It’s always in scientific labs’ best interests to prolong their equipment’s lifespan for as long as possible. It ensures they get the most value from their purchases and saves labs money in the long run. Below, we’ll explain some helpful strategies to make your lab equipment last longer.
Keep It Clean
The first rule for prolonging the longevity of lab instruments and machines is to keep them as clean as possible. The same principle for helping cars run longer applies to lab equipment: if you want it to last, keep it clean.
The dirtier lab equipment gets, the more grime, dust, and other contaminants get into the mechanical and electrical components of the equipment, and the faster it’ll degrade and fail. It’s wise to clean lab equipment after every use to ensure contaminants aren’t allowed to take hold and do damage.
Perform Scheduled Preventative Maintenance
Quality, routine preventive maintenance is crucial to making your lab equipment last longer. Preventative maintenance is much more effective in preserving lab equipment’s quality than reactive maintenance and repairs. Waiting for equipment to break is a recipe for more issues down the line.
Routine maintenance means identifying and fixing issues before they become major problems that cause equipment failure. You should do maintenance according to a strict schedule—not just during free time—to ensure the equipment continuously operates at peak capacity.
Frequent calibrations should also be part of preventative maintenance to ensure the quality and longevity of lab equipment. Calibrations are a quality control test for lab instruments and machines to confirm their accuracy and precision in measurements.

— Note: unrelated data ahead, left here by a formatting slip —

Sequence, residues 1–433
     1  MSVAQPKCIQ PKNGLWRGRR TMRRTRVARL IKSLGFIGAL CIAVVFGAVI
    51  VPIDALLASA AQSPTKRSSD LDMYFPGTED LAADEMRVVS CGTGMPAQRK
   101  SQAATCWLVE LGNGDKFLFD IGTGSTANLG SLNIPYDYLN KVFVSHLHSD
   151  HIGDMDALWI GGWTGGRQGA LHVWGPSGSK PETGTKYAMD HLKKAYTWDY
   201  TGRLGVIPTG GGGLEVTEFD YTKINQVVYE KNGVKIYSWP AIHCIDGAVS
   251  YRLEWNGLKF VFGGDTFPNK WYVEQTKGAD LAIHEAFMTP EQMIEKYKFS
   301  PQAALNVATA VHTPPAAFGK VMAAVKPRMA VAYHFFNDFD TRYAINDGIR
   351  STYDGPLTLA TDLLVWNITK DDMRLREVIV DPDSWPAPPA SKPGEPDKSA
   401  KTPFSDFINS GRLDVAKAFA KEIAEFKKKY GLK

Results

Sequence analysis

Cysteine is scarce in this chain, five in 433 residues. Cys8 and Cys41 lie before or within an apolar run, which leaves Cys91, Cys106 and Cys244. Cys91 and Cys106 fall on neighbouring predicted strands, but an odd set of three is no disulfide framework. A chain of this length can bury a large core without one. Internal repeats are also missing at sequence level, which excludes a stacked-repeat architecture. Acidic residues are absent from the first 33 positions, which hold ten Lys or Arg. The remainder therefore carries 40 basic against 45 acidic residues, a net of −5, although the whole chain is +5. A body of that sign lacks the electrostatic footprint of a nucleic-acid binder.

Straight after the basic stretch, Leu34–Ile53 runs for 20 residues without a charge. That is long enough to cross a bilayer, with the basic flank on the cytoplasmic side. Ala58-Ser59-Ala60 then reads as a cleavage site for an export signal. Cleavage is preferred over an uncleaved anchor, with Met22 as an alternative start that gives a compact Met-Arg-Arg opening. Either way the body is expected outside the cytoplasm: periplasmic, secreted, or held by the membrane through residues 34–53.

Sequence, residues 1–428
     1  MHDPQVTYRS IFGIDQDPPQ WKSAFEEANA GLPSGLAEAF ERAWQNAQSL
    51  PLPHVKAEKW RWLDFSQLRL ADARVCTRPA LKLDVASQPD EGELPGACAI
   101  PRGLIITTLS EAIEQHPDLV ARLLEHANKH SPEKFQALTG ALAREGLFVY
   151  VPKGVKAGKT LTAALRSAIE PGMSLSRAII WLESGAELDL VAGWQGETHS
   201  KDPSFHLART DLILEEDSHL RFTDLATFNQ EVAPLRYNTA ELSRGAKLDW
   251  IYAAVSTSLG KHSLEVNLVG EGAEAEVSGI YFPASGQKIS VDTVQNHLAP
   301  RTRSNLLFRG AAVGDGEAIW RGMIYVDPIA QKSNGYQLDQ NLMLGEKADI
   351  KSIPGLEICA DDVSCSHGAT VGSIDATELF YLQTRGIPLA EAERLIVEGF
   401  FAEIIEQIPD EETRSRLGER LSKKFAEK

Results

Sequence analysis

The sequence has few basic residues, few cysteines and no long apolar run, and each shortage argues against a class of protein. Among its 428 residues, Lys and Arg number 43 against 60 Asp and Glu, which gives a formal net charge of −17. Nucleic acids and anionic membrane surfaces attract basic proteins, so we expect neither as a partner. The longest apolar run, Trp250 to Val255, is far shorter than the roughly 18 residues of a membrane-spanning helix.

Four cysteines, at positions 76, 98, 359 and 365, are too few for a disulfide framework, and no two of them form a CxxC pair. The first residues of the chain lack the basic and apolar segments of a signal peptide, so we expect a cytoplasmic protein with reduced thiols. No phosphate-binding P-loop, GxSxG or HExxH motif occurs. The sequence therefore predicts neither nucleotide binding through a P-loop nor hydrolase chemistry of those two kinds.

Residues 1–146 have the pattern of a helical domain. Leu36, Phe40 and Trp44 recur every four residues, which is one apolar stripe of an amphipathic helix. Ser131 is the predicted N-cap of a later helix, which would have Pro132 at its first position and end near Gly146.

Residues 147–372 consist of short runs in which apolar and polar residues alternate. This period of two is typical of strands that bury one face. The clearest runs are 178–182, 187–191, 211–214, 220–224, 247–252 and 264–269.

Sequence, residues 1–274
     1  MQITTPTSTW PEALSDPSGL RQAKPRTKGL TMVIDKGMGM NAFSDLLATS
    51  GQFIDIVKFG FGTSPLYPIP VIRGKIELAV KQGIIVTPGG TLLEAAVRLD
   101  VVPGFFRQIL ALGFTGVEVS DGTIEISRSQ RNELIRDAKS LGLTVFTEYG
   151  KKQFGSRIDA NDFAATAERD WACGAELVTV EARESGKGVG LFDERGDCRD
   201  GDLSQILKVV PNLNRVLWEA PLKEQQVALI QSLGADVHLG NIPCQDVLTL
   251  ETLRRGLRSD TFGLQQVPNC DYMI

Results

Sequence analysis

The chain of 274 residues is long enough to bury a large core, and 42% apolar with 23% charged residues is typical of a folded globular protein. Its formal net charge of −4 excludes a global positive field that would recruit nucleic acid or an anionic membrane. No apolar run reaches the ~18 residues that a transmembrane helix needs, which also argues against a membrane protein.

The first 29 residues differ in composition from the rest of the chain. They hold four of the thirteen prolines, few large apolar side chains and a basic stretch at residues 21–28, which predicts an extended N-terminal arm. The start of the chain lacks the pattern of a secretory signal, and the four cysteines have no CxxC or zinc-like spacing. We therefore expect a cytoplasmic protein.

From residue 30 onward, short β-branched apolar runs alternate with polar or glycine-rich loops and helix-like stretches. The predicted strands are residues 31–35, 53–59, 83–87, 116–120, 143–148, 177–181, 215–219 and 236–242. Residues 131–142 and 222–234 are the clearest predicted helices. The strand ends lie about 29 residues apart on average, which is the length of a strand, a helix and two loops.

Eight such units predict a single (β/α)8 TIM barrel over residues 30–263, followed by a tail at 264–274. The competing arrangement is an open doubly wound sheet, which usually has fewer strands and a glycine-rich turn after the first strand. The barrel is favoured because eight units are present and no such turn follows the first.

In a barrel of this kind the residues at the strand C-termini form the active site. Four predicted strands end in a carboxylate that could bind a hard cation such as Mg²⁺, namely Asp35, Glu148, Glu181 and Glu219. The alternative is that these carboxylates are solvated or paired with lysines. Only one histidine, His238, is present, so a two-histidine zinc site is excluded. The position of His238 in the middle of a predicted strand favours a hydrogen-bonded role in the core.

Nobody wants inaccurate lab instruments, so calibrating your lab equipment is important in many ways. Mainly, however, lab equipment will gradually degrade in accuracy and precision without regular calibrations.
It’s also wise to keep a dedicated usage log of all the equipment and machines in the lab to document any time instruments are used, who used them, and for what purpose. You should also record any pertinent information like problems or repairs. This allows labs to have written documentation of equipment usage to observe how frequently lab members use instruments and machines. This data will help you create an accurate and useful maintenance schedule. Also, an equipment usage log is incredibly useful if repairs are necessary. The repair team can use the log to trace the problem back to its origin and find out what went wrong and why.